The two other brothers were Kristian Levring, a relatively unknown director of TV commercials, and Søren Kragh-Jacobsen, a veteran filmmaker best known in Denmark for his sympathetic films for children and young people.

Early on, most people probably thought of Vinterberg, Levring and Kragh-Jacobsen as von Trier’s stooges, a group alibi for the Danish bad- boyfilmmaker's crusade against a staid, overstuffed cinematic tradition. That soon changed.

LYRICAL STORYTELLER

First, Vinterberg's directorial debut, "The Celebration", beat von Trier's "The Idiots" at Cannes in 1998, winning the Jury Prize and later becoming an international hit.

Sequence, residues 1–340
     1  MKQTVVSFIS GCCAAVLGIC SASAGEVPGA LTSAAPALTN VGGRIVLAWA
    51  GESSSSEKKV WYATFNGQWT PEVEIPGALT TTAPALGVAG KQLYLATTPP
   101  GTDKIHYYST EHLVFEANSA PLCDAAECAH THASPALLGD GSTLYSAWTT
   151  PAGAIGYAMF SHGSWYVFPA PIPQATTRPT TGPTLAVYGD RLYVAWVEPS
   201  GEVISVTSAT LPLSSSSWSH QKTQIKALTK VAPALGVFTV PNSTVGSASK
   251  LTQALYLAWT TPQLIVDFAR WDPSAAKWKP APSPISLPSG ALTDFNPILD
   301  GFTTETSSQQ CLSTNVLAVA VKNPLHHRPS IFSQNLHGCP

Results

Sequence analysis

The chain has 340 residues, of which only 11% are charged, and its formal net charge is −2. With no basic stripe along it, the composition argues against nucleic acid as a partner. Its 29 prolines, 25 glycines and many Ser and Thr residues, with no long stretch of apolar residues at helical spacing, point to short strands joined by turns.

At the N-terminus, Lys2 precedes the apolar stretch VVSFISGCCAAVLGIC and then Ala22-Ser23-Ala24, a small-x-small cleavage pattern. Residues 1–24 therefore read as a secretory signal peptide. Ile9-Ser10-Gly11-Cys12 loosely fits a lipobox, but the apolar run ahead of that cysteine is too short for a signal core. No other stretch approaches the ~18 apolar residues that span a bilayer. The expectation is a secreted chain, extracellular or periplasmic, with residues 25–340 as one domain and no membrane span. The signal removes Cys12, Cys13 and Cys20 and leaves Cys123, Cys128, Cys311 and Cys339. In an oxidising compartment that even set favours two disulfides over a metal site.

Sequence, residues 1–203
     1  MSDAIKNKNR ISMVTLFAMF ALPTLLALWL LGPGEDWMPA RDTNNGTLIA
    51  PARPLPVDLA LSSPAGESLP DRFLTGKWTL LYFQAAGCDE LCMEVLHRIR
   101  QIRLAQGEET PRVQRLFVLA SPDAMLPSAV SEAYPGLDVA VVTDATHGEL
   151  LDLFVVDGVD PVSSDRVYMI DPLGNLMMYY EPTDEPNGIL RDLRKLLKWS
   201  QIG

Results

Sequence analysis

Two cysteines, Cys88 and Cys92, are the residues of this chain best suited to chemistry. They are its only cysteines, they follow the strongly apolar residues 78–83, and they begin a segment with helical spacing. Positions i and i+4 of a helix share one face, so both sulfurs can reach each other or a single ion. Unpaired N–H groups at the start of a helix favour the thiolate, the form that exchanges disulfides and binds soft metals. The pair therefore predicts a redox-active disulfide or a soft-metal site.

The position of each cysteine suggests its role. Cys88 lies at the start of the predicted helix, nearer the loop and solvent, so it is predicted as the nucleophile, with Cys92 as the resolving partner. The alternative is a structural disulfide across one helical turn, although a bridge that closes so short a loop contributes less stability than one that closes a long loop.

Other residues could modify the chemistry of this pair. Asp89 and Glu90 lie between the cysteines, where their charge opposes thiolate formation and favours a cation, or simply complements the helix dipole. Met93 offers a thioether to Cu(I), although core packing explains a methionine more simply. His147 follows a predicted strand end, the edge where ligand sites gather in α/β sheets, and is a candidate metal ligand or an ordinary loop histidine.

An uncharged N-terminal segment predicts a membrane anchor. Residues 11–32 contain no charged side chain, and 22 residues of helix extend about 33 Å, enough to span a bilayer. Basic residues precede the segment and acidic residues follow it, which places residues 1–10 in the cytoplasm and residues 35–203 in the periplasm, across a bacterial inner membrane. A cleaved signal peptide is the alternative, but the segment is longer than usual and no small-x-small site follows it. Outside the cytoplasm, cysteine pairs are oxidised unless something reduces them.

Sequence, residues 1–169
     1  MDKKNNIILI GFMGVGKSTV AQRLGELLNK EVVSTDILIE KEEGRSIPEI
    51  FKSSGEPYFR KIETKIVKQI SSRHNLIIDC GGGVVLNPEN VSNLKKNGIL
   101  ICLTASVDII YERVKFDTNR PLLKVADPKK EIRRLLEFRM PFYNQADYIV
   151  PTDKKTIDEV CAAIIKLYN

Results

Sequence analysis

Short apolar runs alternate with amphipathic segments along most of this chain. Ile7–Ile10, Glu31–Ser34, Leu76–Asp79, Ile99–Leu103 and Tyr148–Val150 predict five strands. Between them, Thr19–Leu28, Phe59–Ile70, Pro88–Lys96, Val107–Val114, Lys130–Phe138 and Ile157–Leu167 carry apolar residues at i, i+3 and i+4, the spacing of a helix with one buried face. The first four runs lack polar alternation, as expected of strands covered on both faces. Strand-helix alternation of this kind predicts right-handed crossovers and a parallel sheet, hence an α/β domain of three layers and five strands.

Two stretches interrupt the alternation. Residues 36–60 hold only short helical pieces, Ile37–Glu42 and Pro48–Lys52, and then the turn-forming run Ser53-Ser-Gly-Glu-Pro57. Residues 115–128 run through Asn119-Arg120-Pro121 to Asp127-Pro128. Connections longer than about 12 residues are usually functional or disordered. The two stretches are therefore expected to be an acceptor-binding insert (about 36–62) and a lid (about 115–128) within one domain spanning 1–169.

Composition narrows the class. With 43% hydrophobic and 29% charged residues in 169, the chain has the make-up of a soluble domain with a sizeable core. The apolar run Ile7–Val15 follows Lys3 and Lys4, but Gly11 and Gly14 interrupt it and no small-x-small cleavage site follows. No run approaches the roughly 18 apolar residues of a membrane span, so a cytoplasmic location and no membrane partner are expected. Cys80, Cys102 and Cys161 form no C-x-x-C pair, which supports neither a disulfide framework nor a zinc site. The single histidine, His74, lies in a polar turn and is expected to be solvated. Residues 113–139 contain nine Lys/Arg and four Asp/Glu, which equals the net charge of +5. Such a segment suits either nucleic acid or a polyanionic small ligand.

The next year brought a second wave of attack from the Dogme brothers that was surprisingly effective. "Mifune", a Dogme film directed by veteran Kragh-Jacobsen, won a Silver Bear in Berlin. "Mifune's" female lead, Iben Hjejle, won critical acclaim that propelled her into a starring role in Stephen Frears' adaptation of Nick Hornby's "High Fidelity".

In Denmark, Kragh-Jacobsen's membership in the Dogme gang of four was met with mild astonishment. Not exactly known as an experimental filmmaker, Kragh-Jacobsen was seen more as an empathic, lyrical storyteller, an actor's director with a special talent for bringing out the best in young actors. To be sure, while von Trier's "The Idiots" set the Dogme standard for pure daring, "Mifune" was the most conventional of the first four Dogme films.